All about Wine Storage and Preservation at Home: Tips from the Experts

It’s not a surprise that wine is one of the most popular alcoholic beverages in the world. According to Statista, in 2019 the United States consumed 33 million hectoliters of wine, making it the largest wine consumer in the world! There are dozens of varieties of wine on the market, and as delicious as they all might be, in order to enjoy them at their best, there are many things that need to be taken into account.

To help you understand the differences of wine storing and preservation, we reached out to wine experts to give us some tips and advice on how to best keep wine at home for later enjoyment.

Here then is the question I was asked and answered.

Does Champagne go bad?

First, I think you must determine if you have in your possession an authentic champagne and not just a sparkling or bubbly wine. That is not to suggest that other sparkling wines are not enjoyable, or of a poor quality. This could be a matter of personal taste and/or budgetary considerations. So for the purposes of this answer I am assuming that you have a bottle of authentic French champagne originating in the area north of Paris.

For the most part Champagne is not a wine to keep for too long. On average perhaps best to cellar for only 3 to 4 years. That being said there is always the possibility of exceptions. A particularly quality driven champagne may be somewhat viable up to 10 years, but why would you want to wait that long?

Possibly, the more expensive might be a determining factor. You do however experience some changes, most likely the champagne would darken slightly in colour, or you may lose some of the fizz, or effervescence. Again the quality of the champagne determines the chance of these changes. For most champagne drinkers you would expect to enjoy a bubbly experience and therefore it is best to target the lower projections of quality return.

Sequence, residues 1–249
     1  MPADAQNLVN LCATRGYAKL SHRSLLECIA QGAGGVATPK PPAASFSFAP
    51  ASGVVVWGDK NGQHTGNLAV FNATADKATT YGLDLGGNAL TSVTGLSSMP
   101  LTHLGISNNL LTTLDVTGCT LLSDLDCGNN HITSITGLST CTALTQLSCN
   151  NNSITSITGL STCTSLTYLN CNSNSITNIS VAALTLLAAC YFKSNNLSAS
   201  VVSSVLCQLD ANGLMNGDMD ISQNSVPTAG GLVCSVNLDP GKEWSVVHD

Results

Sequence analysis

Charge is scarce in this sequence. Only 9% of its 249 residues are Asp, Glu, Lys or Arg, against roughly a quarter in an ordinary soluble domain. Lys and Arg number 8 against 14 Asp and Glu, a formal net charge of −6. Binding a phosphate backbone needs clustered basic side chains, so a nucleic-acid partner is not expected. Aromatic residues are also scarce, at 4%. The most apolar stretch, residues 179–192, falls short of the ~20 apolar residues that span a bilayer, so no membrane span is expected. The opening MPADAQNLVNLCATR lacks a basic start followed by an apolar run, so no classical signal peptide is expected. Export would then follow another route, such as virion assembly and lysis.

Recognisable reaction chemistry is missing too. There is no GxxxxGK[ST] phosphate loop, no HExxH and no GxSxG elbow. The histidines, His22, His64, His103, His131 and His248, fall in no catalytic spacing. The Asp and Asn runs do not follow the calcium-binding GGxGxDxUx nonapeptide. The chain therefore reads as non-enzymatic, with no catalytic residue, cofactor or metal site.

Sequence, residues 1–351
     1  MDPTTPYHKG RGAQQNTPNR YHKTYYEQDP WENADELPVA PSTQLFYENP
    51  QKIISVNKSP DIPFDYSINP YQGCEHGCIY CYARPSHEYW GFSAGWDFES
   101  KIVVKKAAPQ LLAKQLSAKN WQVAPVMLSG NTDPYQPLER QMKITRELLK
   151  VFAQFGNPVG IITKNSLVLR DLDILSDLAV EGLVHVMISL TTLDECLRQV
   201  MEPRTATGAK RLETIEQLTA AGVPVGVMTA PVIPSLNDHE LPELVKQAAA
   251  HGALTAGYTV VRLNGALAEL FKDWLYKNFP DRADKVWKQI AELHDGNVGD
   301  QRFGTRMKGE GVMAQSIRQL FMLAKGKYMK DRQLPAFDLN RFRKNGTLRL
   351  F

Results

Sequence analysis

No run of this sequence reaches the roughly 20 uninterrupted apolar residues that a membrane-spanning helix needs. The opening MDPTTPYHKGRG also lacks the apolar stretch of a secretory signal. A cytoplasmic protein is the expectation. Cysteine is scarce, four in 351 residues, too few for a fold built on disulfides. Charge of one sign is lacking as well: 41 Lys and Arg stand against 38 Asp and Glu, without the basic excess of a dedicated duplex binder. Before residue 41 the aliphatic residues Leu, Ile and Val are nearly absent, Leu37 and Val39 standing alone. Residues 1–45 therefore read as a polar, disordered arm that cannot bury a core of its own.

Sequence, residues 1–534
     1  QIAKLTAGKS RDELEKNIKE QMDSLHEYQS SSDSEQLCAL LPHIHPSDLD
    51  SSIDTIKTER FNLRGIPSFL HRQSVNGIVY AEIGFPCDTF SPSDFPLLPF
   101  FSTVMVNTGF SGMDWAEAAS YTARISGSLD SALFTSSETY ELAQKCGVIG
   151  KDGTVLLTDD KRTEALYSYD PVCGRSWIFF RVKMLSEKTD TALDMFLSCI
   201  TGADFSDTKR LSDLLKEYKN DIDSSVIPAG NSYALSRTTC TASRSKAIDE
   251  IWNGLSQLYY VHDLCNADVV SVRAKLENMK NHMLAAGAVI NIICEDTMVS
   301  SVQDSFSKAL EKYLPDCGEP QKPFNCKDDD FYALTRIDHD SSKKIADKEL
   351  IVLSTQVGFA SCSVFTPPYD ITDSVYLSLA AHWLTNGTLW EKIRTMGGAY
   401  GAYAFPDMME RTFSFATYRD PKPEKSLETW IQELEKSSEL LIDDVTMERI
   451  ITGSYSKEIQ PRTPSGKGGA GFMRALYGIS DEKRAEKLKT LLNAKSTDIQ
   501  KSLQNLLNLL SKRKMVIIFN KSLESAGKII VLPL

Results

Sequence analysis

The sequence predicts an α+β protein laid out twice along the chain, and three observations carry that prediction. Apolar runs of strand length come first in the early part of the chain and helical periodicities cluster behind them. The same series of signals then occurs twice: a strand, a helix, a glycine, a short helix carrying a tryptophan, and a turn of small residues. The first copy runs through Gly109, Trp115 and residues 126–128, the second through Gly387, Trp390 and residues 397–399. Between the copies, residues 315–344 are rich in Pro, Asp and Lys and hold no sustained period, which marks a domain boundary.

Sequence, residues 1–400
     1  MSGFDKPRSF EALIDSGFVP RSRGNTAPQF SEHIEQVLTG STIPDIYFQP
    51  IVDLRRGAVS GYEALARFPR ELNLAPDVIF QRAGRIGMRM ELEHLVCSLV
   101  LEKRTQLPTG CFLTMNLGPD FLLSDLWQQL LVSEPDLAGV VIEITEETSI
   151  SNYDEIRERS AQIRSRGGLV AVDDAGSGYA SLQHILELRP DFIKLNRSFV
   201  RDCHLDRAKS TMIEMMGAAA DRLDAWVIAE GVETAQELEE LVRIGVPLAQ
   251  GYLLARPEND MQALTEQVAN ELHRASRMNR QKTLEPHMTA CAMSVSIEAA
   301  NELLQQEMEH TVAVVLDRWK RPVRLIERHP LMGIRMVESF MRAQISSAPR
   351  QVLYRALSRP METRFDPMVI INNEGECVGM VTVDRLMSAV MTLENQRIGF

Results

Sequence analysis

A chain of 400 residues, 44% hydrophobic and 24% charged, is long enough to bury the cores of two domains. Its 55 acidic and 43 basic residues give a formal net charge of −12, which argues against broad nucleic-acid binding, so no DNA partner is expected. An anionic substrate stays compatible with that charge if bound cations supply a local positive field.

Cellaring would also be a factor to consider. If you have a quality wine cooler you may expect a slightly longer period of optimum quality, or conversely if you are a wine collector with a temperature controlled wine cellar then you have an advantage. Unfortunately, for most “average” wine/champagne drinkers our opportunity to properly cellar the champagne is probably lacking.

For the most part champagne can be drunk immediately, no need to save it for anything other than your next special occasion.

Here are the questions posed to other wine writers…

Which types of wine age well in a wine cellar?

What’s the best way to store champagne?

Do all wines get better with age?

How long will my wine last if I close it with a wine stopper?

What makes a good wine cellar?

What’s the ideal way to store Prosecco?

What’s the best way to organize my wine cellar?

How long can I keep my wine in the fridge?

What should I consider when buying a wine fridge?

Do screw cap wines last shorter than cork wines?

What is the perfect wine inventory for me and how do I best store it?

If I bought a case of wine, how long should I leave my wines inside?

How can I know if my wine is produced for early consumption?

If I want to age my wine do I necessarily need a wine cooler?

Can my wines be exposed to sunlight?

What’s the best way to store screw cap wine?

If I don’t have a wine cellar, where’s the best place to store my wine?

Does wine have an expiration date?

How long does opened wine last?

Thanks to for the opportunity to contribute to this article. All the answers to the above questions appear in the article “All about Wine Storage and Preservation at Home: Tips from the Experts

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